Ph.D. Octopus

Politics, media, music, capitalism, scholarship, and ephemera since 2010

X-Men: First Class – a Fun Movie for Historians

with 2 comments

by Weiner


I saw X-Men: First Class last night. Really good movie. It was especially fun for historians, and not only because it fictionally ties in to real events like the Holocaust, the Cuban Missile Crisis, and the Cold War. It also deals with the modern academic trifecta of race, class, and gender in relatively interesting ways, of course using the notion of mutants to complicate these matters (oh, no I used the term complicate! the next thing you know I’ll be trying to problematize something!).

I’m not sure I have anything to add that hasn’t already been said better by Matt Yglesias or by Susan Polo or by Neo-Prodigy at The Chronicle. So check those posts out, but BEWARE OF SPOILERS.

What I will say is that January Jones must be the world’s worst actress. Unless she was supposed to play a mutant super-villain in the same way she does Betty Draper. Still, it was an awesome movie, and you should see it.


Written by David Weinfeld

June 8, 2011 at 19:21

Posted in class, film, gender, pop culture, race

2 Responses

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  1. So, as a historian of Russia, I generally find the depictions of the Soviet Union problematic and annoyingly reductionist, but that scene in The War Room with the large maps of primary and secondary nuclear targets where the communist Soviet Union was labeled “Russia” was distinctly ahistorical. To use a topical analogy, it would be like labeling a World War II map of Nazi Germany, the “FRG.” Whatever their similarities and continuities, the Soviet Union and Russia are two very different political entities. The degree to which the two are recognized as different governs US-Russia relations of the post-Cold War world. I gladly refer you to Stephen F. Cohen’s recent article in The Nation for a far more detailed and eloquent summary:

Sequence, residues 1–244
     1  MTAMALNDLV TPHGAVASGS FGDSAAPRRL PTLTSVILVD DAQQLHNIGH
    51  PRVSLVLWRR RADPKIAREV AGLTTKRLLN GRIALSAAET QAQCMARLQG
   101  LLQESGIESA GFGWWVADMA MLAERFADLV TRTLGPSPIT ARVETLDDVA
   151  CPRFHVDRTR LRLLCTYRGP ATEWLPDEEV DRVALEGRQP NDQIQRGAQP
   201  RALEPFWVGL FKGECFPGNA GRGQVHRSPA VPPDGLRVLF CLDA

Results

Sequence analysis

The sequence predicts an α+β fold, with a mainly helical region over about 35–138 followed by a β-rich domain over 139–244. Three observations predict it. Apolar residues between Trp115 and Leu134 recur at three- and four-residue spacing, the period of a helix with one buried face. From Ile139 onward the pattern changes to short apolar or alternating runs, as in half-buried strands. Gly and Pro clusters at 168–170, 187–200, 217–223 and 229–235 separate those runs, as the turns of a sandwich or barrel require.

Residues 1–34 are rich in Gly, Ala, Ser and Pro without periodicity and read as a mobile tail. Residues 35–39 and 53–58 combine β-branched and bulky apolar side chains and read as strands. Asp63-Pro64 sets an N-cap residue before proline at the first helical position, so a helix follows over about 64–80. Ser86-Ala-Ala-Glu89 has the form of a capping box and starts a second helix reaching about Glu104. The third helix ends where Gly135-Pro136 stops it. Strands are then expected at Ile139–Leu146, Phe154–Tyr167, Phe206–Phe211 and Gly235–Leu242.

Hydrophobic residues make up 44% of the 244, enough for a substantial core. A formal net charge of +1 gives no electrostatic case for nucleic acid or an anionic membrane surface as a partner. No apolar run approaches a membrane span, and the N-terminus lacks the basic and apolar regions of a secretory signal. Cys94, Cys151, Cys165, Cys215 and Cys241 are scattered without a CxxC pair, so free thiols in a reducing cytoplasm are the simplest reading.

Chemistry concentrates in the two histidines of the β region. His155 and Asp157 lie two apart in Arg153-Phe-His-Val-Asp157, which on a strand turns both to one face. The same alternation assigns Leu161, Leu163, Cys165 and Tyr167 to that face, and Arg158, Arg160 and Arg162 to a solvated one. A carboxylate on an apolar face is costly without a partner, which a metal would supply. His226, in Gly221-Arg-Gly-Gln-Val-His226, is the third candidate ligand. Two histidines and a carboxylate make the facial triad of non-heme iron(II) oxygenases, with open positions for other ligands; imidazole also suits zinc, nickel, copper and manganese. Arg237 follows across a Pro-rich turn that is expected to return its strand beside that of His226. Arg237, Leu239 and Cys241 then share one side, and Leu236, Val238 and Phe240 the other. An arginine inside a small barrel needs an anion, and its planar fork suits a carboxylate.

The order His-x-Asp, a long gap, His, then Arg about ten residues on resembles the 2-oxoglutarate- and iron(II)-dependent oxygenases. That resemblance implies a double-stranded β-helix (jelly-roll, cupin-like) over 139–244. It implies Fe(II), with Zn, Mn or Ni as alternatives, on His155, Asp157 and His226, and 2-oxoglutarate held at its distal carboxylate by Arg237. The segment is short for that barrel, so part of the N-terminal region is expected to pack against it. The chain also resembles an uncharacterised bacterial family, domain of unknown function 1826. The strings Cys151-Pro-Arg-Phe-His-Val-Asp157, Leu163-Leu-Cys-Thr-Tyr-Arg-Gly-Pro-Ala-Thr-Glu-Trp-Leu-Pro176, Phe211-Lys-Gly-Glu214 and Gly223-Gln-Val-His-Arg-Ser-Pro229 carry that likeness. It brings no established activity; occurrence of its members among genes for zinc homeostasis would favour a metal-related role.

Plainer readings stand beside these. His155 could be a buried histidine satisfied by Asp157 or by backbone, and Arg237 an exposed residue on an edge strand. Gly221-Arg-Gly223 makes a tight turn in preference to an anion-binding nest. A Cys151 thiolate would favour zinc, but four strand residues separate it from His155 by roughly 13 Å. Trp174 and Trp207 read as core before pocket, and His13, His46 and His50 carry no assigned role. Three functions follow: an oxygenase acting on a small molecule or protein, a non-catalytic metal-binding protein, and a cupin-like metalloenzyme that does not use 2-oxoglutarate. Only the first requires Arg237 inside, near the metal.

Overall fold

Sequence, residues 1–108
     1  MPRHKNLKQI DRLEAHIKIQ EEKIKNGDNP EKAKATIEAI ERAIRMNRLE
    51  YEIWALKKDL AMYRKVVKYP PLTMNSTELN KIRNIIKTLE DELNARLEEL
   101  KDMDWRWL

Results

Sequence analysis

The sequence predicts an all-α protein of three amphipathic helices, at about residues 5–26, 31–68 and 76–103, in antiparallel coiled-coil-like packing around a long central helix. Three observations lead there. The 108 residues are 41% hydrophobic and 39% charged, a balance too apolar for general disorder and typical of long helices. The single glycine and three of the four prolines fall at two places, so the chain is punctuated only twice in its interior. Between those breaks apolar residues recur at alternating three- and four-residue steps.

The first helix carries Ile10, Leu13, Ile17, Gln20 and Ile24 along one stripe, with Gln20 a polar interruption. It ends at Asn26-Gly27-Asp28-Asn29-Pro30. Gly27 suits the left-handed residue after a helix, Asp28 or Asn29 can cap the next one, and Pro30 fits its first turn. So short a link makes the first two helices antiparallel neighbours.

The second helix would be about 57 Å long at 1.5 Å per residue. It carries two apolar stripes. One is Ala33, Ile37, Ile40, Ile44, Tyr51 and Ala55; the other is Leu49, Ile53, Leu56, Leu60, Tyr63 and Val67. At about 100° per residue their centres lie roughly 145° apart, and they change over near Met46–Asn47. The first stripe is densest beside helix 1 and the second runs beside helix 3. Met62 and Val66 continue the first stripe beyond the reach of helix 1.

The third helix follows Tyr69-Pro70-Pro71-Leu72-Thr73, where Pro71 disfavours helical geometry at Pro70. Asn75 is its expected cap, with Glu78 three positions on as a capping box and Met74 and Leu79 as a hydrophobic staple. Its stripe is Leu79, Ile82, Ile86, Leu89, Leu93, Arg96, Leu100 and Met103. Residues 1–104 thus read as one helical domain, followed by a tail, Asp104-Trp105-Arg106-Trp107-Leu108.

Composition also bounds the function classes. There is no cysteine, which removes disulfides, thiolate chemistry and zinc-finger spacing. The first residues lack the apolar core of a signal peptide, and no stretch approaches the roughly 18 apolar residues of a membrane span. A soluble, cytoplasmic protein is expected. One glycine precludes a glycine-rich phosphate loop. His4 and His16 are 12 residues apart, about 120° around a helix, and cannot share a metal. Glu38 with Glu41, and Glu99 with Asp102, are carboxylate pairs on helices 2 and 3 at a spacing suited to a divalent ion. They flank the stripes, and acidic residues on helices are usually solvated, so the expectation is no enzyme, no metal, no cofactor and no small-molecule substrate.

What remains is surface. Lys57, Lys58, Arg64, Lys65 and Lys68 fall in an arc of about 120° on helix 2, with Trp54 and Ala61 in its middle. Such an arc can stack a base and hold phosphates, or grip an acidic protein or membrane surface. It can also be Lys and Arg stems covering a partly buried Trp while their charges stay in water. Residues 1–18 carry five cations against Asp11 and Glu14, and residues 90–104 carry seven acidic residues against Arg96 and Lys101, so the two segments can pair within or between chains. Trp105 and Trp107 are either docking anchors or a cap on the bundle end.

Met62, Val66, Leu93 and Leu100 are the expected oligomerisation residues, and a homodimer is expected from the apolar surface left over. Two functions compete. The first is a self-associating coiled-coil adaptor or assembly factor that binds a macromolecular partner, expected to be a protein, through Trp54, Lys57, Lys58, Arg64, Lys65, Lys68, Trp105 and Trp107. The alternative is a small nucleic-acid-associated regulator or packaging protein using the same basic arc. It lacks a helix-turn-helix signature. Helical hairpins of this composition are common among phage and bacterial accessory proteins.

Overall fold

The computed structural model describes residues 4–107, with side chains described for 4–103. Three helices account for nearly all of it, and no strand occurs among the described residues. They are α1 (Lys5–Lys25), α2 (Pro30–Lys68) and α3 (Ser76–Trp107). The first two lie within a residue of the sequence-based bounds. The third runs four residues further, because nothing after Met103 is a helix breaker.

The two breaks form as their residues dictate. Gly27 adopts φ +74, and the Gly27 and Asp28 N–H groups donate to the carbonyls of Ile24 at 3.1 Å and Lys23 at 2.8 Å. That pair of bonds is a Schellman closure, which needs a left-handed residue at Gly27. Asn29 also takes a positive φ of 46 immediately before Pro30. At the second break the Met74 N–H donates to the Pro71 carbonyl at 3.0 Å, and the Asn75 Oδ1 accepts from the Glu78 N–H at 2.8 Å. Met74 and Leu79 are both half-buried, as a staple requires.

Also, going so far as to have Kevin Bacon and others speak Russian, but not labelling “The Aral Sea” boat in Cyrillic characters, to me, seemed like careless omission.


    June 13, 2011 at 10:59

    • I am not a historian of Russia, but I too am at a loss as to why everything was labeled “Russia” and “Russian” and “Russians” as opposed to “U.S.S.R.,” “Soviet” and “Soviets.”

      Of course this is a film whose primary purpose is to entertain rather than document, but this was either a really silly mistake or a reckless decision. If however, there is some “reason” for this I’d be interested to know it. If that “reason” is because the target audience is more familiar with “Russia” than the “U.S.S.R.,” then shame on you.


      February 5, 2013 at 00:38

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